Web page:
What's next after Tunis phase?
  Civil Society discusses "implementation mechanism" and follow-up
 
 
  17 February 2005. While the world summit preparatory process is starting its main phase with PrepCom2, there is already an intense debate going on about how a follow-up process after the Tunis Summit should look like. The document prepared by the Group of Friends of the Chair contains the following major points in regard to the post-Tunis phase ( 10 and 11 of the Operational Part):
  • It proposes to establish an implementation mechanism for the Geneva and Tunis Plans of Action.
  • The follow-up process should be based upon co-operation among governments and all stakeholders.
  • A team of stakeholders should work together to promote implementation.
  • The UN Secretary-General should nominate moderators for each team.
  • These moderators should periodically prepare a report focussing on progress towards achievement of the Millennium Development Goals.
  • On the basis of these reports the head of a coordination body will then report to the General Assembly to monitor the process.

The document presents four options for a possible coordination body:

  1. ITU / WSIS-Executive Secretariat
  2. An existing UN division (within UN DESA) for following-up major UN conferences; 
  3. A newly-created High-Level Summit Organizing Committee (HLSOC)-type UN inter-agency task force (supported by a 2-3 person secretariat)
  4. A newly-created UN ICT Task Force-type forum (supported by 2-3 person secretariat)

During a first informal meeting at the PrepCom yesterday afternoon, Civil Society members discussed how to structure the discussion in the coming days and months.

The position of Civil Society in this regard is clear. All CS members agree to enforce the existing multi-stakeholder approach and to make sure that the bodies defined for the "coordination team" are transparent and open for peer-level participation to all entities that were accredited to the World Summit.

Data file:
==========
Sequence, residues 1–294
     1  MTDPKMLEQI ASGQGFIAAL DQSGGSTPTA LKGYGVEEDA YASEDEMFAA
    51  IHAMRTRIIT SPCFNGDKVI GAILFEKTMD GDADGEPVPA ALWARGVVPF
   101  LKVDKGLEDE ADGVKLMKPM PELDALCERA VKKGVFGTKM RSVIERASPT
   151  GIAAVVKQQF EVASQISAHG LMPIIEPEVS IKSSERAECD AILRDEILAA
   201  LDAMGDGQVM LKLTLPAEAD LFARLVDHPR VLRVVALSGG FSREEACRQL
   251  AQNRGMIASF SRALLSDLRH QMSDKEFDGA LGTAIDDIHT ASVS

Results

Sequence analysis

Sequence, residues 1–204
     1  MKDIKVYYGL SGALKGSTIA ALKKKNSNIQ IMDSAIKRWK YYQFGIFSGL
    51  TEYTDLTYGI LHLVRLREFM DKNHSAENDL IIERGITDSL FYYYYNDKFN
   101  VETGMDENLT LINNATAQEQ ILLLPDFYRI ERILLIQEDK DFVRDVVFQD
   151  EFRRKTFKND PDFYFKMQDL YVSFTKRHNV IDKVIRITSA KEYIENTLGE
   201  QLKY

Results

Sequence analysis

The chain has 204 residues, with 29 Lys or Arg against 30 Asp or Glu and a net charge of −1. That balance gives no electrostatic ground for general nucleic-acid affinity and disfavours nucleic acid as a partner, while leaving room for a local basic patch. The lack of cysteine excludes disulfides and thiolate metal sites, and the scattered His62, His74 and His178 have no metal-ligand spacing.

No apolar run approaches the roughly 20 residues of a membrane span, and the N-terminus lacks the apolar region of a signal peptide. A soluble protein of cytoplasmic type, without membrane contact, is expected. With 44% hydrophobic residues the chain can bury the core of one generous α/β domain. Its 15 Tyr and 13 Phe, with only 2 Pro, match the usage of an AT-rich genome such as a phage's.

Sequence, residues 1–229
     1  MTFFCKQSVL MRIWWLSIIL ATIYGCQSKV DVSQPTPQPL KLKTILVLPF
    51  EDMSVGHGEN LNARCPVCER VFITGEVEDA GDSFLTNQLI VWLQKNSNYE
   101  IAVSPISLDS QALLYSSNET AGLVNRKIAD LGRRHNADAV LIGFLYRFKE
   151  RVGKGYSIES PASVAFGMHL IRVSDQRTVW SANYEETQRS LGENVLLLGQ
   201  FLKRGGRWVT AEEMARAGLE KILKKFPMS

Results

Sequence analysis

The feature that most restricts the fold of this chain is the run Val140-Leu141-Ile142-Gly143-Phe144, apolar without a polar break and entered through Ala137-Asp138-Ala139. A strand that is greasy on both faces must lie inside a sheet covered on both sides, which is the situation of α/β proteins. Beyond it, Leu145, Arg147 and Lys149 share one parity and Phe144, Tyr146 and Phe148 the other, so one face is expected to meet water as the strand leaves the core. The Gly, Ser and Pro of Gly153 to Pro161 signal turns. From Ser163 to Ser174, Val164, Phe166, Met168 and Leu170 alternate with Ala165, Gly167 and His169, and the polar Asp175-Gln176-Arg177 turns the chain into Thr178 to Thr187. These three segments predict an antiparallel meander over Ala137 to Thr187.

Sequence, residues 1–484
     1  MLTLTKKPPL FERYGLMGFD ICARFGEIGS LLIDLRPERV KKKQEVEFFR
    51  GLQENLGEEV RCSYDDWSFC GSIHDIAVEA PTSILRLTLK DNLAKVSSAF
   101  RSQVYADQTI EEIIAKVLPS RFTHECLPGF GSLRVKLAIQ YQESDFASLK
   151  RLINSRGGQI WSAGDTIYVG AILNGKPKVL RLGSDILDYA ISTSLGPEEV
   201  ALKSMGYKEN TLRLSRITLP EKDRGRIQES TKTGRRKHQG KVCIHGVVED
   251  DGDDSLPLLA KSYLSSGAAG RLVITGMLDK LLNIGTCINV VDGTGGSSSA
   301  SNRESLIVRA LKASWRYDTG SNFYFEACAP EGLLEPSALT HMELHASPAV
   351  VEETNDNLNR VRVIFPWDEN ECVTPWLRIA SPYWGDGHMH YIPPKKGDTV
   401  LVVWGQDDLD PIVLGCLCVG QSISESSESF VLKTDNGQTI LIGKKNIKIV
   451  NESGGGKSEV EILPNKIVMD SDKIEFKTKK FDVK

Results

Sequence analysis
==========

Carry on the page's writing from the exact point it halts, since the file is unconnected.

However, an implementation around the action lines of the "Declaration of Principles and Plan of Action" may not be sufficient as these lines do not reflect the notions favoured by Civil Society. Yet it is unclear if this point should be contested or accepted in order to concentrate on more important issues.

It is also uncertain how the stakeholder teams will be selected. Civil Society in this regard would clearly prefer an open and inclusive process like the Working Group on Internet Governance (WGIG) rather than a closed hand-picked group like the Task Force on Financial Mechanisms (TFFM).

As the document implies that each action line should be placed under the thematically correspondent UN Agency, the question arises how coordination can be assured where competences overlap. Some kind of supervision would surely be necessary, e.g. when dealing with Intellectual Property Rights in UNESCO, WIPO and WTO.

A crucial point seems to be what the final report's purpose will be in the end. Obviously, if it's just an input to the General Assembly without any feedback mechanism to monitor or verify compliance, it will be insufficient in civil society's point of view. CS members would clearly prefer a coordination body which is independent and has real human resources to provide some pressure for active implementation.

As Ambassador Karklins, the chairman to the PrepCom 2 Plenary, confirmed that no specific procedure has been discussed to form the multi-stakeholder thematic teams so far, civil society is ready to but pressure on the summit in order to shape the Tunis follow-up process in a way which is in line with their interests. It will also be interesting to monitor how the debate will develop in the upcoming meeting on "Internet Governance after WSIS Deliberations" organized by the Internet Governance Project tomorrow morning.


 
 
 
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